The stock hasn’t traded on a price-to-cash flow multiple of around 20 since 2005-2007. A cursory glance at the chart would reveal that the share price struggled to appreciate in that period. On the basis that it currently trades on that valuation, I would argue that much of the good news is already priced into the stock. Furthermore, analysts have earnings growing in only the mid-single digits for the next two years, and I’m not sure I’m keen to pay 24.5 times earnings for that kind of growth profile.
Winners and losers from Johnson & Johnson’s results
It’s always fascinating to read between the lines of Johnson & Johnson’s results and pick out indicators for other companies’ prospects. On the positive side, investors in eye-care specialist Cooper (NYSE: COO) will be interested to hear that Johnson & Johnson recorded 5.4% operational growth in its worldwide vision care business, and specifically cited daily lenses as an area of growth.
This indicates strength within the eye-care market, and should be good news for Cooper Companies, since one of its key aims in 2013 is to increase its one-day modality sales. Cooper’s one-day lenses generate three to five times more profit than its monthly lenses. Moreover, it is more of a pure-play on the increasing popularity in one-day lenses, because it doesn't sell lens-care solutions.
Covidien has generated much of its growth in recent years from surgical device appliances within its energy and endo-mechanical divisions. Indeed, it’s a leader in the minimally invasive surgery market. Covidien’s supporters (and I’m one of them) will always point out that its solutions are relatively low-ticket, and they demonstrate a tangible way for hospitals to reduce costs via achieving better patient outcomes.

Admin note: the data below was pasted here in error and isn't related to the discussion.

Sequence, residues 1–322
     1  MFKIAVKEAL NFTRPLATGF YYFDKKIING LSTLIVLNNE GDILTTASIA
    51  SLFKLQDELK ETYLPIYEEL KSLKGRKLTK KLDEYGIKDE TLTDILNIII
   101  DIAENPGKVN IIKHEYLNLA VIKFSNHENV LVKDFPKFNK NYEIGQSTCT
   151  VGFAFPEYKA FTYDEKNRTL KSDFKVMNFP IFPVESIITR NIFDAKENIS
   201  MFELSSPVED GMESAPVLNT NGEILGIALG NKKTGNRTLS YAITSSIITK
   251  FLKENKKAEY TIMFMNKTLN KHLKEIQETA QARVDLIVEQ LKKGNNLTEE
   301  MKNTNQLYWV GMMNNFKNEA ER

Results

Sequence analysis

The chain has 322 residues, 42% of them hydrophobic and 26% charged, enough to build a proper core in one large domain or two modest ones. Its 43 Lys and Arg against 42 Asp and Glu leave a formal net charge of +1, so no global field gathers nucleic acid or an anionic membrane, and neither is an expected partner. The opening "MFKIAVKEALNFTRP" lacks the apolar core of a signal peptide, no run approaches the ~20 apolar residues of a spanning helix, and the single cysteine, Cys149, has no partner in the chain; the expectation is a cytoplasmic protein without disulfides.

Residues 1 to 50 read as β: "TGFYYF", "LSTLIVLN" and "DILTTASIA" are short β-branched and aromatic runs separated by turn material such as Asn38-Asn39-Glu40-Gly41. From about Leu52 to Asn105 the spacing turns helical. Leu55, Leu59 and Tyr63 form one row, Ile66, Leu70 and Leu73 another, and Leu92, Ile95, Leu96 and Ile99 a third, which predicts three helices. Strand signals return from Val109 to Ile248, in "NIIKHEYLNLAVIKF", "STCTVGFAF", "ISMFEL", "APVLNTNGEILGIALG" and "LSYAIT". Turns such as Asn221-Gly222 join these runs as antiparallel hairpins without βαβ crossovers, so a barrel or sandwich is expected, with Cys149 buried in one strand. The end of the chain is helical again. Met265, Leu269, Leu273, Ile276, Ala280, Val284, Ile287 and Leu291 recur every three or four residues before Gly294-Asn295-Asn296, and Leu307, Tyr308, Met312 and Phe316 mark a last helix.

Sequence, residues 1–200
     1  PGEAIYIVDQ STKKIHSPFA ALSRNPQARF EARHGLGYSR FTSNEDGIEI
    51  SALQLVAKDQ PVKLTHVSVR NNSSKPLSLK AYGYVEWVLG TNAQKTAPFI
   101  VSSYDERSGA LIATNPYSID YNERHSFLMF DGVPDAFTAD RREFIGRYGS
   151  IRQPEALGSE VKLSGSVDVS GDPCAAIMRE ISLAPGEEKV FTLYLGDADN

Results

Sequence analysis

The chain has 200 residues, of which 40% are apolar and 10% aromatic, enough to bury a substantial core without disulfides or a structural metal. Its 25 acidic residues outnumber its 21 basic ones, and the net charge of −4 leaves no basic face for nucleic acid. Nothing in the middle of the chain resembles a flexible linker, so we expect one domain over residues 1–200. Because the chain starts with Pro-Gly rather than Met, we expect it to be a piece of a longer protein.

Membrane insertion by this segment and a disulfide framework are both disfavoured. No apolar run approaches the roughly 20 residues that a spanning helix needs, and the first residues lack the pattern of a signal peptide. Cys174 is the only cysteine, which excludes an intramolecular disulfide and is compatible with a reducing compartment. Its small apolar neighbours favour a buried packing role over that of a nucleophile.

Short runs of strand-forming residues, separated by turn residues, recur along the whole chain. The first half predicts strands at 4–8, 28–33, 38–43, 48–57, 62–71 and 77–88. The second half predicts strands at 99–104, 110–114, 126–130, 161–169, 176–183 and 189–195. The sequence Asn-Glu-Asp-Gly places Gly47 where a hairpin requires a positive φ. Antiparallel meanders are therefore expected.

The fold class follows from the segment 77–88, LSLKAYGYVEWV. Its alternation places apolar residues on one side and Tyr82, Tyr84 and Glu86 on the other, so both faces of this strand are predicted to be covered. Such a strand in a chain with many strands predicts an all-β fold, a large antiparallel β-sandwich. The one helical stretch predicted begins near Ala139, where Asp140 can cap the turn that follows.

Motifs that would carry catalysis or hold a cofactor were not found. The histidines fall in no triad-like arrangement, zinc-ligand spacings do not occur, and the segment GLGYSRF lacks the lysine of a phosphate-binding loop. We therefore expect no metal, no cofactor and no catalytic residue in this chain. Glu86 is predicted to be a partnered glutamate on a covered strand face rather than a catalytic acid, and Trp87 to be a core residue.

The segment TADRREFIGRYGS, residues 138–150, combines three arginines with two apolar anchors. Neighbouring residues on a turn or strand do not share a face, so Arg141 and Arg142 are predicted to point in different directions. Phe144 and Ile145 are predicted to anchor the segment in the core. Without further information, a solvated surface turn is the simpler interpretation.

On the other hand, Covidien is still exposed to the volume of surgical procedures in medical centers, and in its conference call, Johnson & Johnson outlined that hospital and surgical procedures are flat to negative.
Turning to Varian Medical Systems, this company definitely is a high-ticket solution provider, and could suffer disproportionately if there is a buyer’s strike in the hospital and medical center market. There is a SWOT analysis of the company in an article linked here which outlines its prospects for 2013. Johnson & Johnson talked of the negative impact of macroeconomic conditions on its medical device sales, and robotic surgery appliance manufacturer Intuitive Surgical (another high-ticket solution provider) has already disappointed in this earnings season.
Moreover, in its conference call, Johnson & Johnson described the hospital capital expenditures market as being in recession for 10 to 12 consecutive quarters. All of these events are signs that Varian may find its customers more reluctant to spend in 2013.
The bottom line
Johnson & Johnson has pretty much priced in most of the good news, and it’s hard to see how the stock can appreciate much from here. The stock has had a great run, but now it’s time to wait for a pullback.
Lee Samaha has no position in any stocks mentioned. The Motley Fool recommends Covidien and Johnson & Johnson. The Motley Fool owns shares of Johnson & Johnson. Try any of our Foolish newsletter services free for 30 days. We Fools may not all hold the same opinions, but we all believe that considering a diverse range of insights makes us better investors. The Motley Fool has a disclosure policy. Is this post wrong? Click here. Think you can do better? Join us and write your own!